Pecans During The Revolutionary War
The first pecan orchard was established by Robert Prince in 1737 in Flushing, New York called Linnaean Botanic Garden and Nurseries. Initially, Prince grew a variety of fruits but eventually started growing a hardy pecan tree variety known as Carya illinoinensis. During the Revolutionary War, the trees in this nursery were so important that General George Washington sent armed troops to protect the nursery from destruction. Through the entirety of the Revolutionary War, Washington was known to always keep a pocket full of pecans. With the food chain uninterrupted and the power packed protein of pecans fueling the good General, history was made in the founding of our country.
Our Founding Fathers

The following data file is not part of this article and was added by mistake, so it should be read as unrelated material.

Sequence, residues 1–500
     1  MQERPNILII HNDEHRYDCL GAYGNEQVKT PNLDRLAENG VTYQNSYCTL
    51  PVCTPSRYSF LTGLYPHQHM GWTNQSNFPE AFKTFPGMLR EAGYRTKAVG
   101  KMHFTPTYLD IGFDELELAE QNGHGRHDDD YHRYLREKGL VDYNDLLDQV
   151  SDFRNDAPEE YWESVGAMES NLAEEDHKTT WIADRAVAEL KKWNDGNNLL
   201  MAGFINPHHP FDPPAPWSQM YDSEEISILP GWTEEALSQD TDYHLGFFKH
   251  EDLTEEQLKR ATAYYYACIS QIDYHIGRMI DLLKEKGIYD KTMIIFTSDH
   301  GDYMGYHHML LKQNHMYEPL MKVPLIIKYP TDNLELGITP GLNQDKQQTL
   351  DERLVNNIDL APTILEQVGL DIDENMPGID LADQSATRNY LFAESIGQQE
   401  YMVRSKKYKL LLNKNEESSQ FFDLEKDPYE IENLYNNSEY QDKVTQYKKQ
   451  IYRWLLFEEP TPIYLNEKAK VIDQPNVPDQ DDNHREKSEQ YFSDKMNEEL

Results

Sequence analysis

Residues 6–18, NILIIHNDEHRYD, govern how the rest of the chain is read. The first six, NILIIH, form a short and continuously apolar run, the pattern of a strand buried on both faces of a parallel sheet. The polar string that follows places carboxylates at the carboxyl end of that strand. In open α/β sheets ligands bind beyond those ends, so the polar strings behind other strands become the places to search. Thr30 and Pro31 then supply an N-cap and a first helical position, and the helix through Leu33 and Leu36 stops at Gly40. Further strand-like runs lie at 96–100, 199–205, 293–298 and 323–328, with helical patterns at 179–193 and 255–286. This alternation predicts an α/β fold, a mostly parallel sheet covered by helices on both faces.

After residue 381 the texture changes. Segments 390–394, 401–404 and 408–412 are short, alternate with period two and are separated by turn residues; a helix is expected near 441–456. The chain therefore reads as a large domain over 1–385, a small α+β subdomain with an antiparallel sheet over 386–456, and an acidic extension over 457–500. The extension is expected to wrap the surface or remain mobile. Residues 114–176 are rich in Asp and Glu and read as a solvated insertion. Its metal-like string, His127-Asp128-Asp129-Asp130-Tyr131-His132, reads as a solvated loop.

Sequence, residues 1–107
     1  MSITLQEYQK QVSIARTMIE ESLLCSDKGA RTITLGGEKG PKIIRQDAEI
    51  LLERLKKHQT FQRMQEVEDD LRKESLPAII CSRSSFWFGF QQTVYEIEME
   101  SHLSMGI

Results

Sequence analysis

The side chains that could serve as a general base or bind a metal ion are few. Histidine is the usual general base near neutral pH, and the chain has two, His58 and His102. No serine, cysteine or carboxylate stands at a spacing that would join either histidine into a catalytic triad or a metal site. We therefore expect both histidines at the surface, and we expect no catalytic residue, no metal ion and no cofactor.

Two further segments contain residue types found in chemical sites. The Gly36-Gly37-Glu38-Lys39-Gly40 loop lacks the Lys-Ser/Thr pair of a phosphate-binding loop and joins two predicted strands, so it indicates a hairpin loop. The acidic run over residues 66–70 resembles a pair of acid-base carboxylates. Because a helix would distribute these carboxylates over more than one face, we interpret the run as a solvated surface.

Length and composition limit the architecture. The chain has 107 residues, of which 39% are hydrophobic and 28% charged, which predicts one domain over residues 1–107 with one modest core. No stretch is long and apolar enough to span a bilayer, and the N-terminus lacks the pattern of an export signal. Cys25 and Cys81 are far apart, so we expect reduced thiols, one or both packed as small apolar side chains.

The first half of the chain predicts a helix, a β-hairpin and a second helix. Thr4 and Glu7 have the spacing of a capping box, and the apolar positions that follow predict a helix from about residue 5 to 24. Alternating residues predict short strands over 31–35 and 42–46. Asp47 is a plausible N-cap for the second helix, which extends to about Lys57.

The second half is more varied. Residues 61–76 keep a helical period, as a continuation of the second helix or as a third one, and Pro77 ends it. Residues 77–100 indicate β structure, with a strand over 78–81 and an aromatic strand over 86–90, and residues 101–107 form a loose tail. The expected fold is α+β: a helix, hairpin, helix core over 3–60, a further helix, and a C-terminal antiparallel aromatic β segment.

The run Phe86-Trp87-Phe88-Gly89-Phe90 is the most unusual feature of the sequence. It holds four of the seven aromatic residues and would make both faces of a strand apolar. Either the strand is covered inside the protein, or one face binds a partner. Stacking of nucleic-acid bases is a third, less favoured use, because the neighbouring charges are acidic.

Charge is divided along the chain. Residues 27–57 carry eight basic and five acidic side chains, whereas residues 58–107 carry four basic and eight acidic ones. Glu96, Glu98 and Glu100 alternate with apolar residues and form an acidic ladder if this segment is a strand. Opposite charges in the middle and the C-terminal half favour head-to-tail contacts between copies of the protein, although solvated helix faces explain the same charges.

After the Revolutionary War, Washington while on a river barge tour as the first President honored Prince’s orchard in 1789 with a visit. Washington’s love of pecans only continued to grow. When Thomas Jefferson became the third President of the United States, he knew Washington’s fondness of the pecan. So when Lewis and Clark sent samples back of the “Carya illinoinensis” to Jefferson for his orchard in Monticello, he gifted Washington pecan trees to grow at his home in Mount Vernon Garden. Sadly, they both had trouble getting their trees to bear fruit, so both Presidents had to source them from the West whenever they could. You can still visit these beautiful trees planted by our founders to this day. Both Presidents would be pleased to see how their favorite nut has grown in popularity. Nowadays you can get pecans anywhere in the country. It’s incredible how something so simple as a pecan could be so important to our country’s founding. At Natchitoches Pecans we honor the history of the pecan by growing the finest quality Louisiana pecans. Find out what our founding fathers knew and enjoy this truly American delicacy.